In the first administration of President Cleveland, I called upon my friend, Chief Justice Waite, and said, "Will you tell me what you think of President Cleveland?" He answered, "I believe that he wants to know the truth; and when he knows it, no one can swerve him from his course." He took me to the President and introduced me. I told him that the government had built dams on our Indian reservation, which had overflowed ninety-one thousand acres of pine land, destroyed their rice fields, and injured their fisheries; and that they had plead in vain for redress. Mr. Cleveland responded, 'It is a great wrong. I will send for the Secretary of the Interior." He said to him, "I have asked Bishop Whipple to address you a letter giving the facts concerning these dams. When Congress meets send the letter promptly to me." He sent a special message to Congress with my letter, and the appropriation was made.

In correspondence with President McKinley, before his inauguration, I was deeply impressed by his Christian character. Secretary Bliss feels keenly the government's responsibility for its Indian wards. There is much yet to be done, but the difference at the end of thirty-eight years is as between darkness and daylight.

The following facts speak volumes. Of the two hundred and fifty thousand Indians in the United States, besides those [141/142] in Alaska, eighty-eight thousand wear the civilized dress; twenty-five thousand live in houses; twenty-five thousand are communicants of Christian churches; twenty-two thousand are pupils in schools; thirty-eight thousand can read. The past year there were one hundred and seventy more births than deaths among the Ojibways in Minnesota. The records of the Interior Department show that in the past year fourteen Indians were killed by other Indians, and forty-four Indians were killed by whites. The Indians last year sold to the United States government, and to others, more than a million bushels of wheat and corn.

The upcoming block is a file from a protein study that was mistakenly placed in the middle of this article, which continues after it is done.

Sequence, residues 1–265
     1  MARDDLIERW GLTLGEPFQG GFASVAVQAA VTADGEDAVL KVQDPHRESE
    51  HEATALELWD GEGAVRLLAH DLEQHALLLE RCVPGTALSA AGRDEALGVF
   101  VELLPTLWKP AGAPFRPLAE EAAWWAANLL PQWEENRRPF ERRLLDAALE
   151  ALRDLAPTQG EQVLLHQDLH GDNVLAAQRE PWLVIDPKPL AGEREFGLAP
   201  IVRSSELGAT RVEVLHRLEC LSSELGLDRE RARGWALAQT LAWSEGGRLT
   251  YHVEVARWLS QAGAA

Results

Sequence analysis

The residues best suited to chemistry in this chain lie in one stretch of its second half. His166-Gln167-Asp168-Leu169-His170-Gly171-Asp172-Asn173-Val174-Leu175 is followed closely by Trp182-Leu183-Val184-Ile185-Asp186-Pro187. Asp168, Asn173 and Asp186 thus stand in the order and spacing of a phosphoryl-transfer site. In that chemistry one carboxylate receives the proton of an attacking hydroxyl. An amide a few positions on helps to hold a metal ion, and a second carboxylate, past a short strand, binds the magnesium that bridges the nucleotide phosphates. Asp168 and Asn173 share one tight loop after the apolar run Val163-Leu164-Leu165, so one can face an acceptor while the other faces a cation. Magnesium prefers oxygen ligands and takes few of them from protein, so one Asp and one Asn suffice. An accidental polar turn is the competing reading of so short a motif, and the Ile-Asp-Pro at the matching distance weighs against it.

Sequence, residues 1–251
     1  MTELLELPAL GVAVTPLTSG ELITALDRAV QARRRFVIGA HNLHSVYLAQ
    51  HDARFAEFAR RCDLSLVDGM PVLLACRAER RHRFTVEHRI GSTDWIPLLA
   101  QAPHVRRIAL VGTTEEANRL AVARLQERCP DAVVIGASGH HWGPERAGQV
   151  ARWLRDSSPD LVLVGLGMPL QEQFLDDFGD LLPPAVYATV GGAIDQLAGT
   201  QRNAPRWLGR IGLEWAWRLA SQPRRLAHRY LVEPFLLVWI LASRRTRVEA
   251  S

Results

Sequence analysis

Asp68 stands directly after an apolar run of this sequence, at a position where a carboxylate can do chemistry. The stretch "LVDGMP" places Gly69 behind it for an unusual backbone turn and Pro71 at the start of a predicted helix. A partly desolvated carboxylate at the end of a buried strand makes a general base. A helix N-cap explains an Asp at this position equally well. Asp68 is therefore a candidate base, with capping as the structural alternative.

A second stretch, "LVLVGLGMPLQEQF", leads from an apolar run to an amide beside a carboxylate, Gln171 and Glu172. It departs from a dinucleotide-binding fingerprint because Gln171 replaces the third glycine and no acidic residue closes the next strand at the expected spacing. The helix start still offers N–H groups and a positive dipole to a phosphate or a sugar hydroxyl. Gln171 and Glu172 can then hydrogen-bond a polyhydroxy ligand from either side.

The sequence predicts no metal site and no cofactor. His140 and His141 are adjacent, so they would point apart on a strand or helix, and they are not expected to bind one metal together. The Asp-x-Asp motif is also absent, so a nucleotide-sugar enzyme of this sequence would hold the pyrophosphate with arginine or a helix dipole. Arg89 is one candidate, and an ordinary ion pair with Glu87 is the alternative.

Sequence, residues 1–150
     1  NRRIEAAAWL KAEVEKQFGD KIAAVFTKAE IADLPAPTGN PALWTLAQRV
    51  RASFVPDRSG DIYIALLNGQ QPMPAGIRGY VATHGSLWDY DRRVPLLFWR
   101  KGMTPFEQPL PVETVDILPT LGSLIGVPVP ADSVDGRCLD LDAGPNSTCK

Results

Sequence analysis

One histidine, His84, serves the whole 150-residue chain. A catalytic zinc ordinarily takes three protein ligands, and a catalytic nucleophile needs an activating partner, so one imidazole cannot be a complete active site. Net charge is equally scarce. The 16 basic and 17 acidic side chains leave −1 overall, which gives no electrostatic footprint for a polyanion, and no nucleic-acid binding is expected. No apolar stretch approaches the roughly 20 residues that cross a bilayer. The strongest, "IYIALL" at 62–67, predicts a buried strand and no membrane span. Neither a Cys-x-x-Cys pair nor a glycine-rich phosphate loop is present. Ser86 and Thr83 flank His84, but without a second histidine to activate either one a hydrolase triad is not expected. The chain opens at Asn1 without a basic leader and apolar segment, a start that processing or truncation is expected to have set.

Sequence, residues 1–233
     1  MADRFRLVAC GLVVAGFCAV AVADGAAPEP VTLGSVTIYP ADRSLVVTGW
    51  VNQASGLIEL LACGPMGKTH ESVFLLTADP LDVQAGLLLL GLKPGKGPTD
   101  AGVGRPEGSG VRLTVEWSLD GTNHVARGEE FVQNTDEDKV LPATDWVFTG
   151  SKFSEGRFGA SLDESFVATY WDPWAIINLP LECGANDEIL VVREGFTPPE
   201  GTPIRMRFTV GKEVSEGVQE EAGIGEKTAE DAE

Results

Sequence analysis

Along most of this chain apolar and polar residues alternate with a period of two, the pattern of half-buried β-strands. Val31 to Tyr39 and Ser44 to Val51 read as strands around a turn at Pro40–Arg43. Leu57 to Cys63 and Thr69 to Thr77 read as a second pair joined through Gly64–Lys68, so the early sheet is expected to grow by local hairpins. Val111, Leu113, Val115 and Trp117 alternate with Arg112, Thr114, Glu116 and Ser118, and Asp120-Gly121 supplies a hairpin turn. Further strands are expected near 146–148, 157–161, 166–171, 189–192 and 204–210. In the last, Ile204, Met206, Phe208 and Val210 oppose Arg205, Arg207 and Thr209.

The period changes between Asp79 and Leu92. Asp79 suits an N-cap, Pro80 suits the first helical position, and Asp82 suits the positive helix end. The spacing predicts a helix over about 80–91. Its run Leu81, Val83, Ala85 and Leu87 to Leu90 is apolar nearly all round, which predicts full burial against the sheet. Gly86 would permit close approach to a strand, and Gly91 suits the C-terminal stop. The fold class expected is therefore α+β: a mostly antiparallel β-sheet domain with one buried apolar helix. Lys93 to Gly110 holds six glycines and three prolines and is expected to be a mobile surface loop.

Yes, thank God, the atmosphere is clearing. The sentiment of justice is beginning to vibrate in the hearts of men everywhere. I owe a debt of gratitude to the Christian people of America and of Great Britain for their sympathy and help. The Quakers of Philadelphia sent me two thousand dollars, with which the first cattle for the White Earth reservation were purchased. My friend, the Duke of Argyll, in writing me some years ago concerning our Indian wars, said, "That the government has treated the poor Indians with great injustice I have little doubt, for it is the habit of the white man so to treat all his half-civilized brethren all over the world." But the time has come when the cry that "there is no good Indian save a dead Indian" rings hollow, and he who utters it is no longer on the popular side. It may not be out of place in this jubilee year of that gracious Queen whom all Christian nations revere and honor for her noble Christian reign, to say that in that heart I have found a sympathy for my work for my brown children that could not be exceeded by the loving loyalty of my own countrymen.

For myself I have received an hundredfold for all my labors; and when I have finished my work, I would rather have one of these men, of the trembling eye and wandering foot, drop a tear over my grave and say, "He helped us when he could," than to have the finest monument.